My dad has long been associated, as a member and officer, with the largest UK teaching union, the NAS/UWT. Indeed, in classic working-class northerner style, he first had a heart attack as he arrived at a union conference. Equally typically, after it was initially misdiagnosed by a junior doctor as a digestive problem, he just carried on with business as usual. Presumably if he’d been a factory worker like his dad he’d have lost consciousness later the same day and wound up under some heavy machinery.
The NAS/UWT hasn’t always been the largest teaching union in the UK. Every year, at the conference of its rival, the NUT, at least one speech or happening illustrates why so many of their members have defected to the NAS over the years. This time the union’s “first ethnic minority president” Baljeet Ghale did her bit for the numbers. According to her, “ministers fuel racism by ordering schools to teach British values”.
Apparently Alan Johnson, the Education Secretary, had described the “values we hold very dear in Britain” as “free speech, tolerance, respect for the rule of law”. I’m not Johnson’s biggest fan, but, given that Britain is more-than-slightly well known around the World for its role in the Enlightenment, the development of parliamentary democracy, and for its relative civil stability and security—God knows the only reason we’re the fifth biggest economy is that enough of the World’s occupants think their money’s safe with us—he’s got a point. As far as I can see, her perception that Johnson believes these attributes are somehow racial is the only thing that’s “racist” here. She asked:
Well, in what way, I’d like to know, are these values that are not held by the peoples of other countries?
Putting aside the false exclusion—if Johnson had expressed his pride in the quality of British beer would this have implied that Belgian breweries are crap?—it’s worth noting that Ms Ghale is from Kenya, a country whose human rights record is not by any means the worst in the populous continent of Africa. (Africa is large land mass on the planet Earth and widely believed to have been the birthplace of the human race.)
Here’s how Amnesty would answer her question. The Kenyan government holds free speech so dear that it arrests the editor of the Kenya Times for the curious offence of “publishing alarming information”, by writing an article criticising the President, and the President’s wife can turn up at a studio with her bodyguards to assault a cameraman and have the Attorney General terminate the private prosecution brought against her as a result of the incident. In Kenya, the police torture and kill citizens with near “impunity” and women and girls face “widespread violence and discrimination”. Other than that, when it comes to respect for the rule of law, it’s just like Blighty. To suggest otherwise, not that anybody did, would of course encourage “racism”. Even as a self-described “global citizen” (puh-lease), Ghale is already a practised thrower of the comfortable Western pseudo-progressive’s favourite slur.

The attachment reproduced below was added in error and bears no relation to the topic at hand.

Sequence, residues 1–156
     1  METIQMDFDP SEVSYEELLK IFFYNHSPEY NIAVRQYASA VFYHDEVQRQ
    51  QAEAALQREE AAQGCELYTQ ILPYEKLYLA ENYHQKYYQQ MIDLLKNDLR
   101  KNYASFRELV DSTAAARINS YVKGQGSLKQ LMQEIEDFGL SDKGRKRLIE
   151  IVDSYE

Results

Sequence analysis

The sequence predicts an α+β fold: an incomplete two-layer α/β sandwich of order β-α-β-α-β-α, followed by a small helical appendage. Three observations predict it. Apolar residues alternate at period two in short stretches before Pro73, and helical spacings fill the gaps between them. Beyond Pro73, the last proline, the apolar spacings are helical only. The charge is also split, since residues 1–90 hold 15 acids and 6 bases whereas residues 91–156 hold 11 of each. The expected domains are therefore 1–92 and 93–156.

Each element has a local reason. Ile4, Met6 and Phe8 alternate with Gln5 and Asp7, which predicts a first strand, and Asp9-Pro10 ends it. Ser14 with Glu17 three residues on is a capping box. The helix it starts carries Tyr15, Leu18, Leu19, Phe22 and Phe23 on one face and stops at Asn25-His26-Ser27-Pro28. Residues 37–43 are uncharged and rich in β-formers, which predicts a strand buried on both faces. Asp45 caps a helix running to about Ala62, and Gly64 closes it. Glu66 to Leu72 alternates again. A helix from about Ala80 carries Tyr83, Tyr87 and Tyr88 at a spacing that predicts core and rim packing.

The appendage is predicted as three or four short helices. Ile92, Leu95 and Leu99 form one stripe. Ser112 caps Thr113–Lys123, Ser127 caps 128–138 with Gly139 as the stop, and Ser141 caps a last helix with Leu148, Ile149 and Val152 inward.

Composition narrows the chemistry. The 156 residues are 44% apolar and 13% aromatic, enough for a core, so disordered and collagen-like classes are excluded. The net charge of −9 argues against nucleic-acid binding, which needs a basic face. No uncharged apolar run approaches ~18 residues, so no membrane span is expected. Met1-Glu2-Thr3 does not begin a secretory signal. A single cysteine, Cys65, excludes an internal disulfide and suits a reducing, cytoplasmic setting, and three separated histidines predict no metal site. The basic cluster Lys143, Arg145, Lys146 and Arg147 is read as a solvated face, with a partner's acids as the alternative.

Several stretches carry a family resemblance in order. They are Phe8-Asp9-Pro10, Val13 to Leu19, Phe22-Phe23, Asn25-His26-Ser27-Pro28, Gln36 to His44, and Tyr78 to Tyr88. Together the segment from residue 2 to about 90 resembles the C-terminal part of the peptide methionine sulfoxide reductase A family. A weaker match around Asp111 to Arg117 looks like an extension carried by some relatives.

You might argue that the people of Kenya have more affection for human rights than their government so, in that sense, there is a truth behind Ghale’s non sequitur, a truth that might have been so clear to her parent(s)/guardian(s) that they left Kenya to live in the UK. But who am I to say? They might have come here for the beer.
I suspect that Gary Eason, who wrote the BBC report, had become a little weary after days of sitting listening to NUT moonbattery because he (or his sub) mischievously headed the last section of the report, outlining Ghale’s wider attack on UK government education policy, “Cuba”. Why? Ghale favourably compared school class sizes in Cuba with those of the UK. That’s Cuba, people. You know: the country you should visit before the Castro currently in charge dies and globalization “spoils” the place.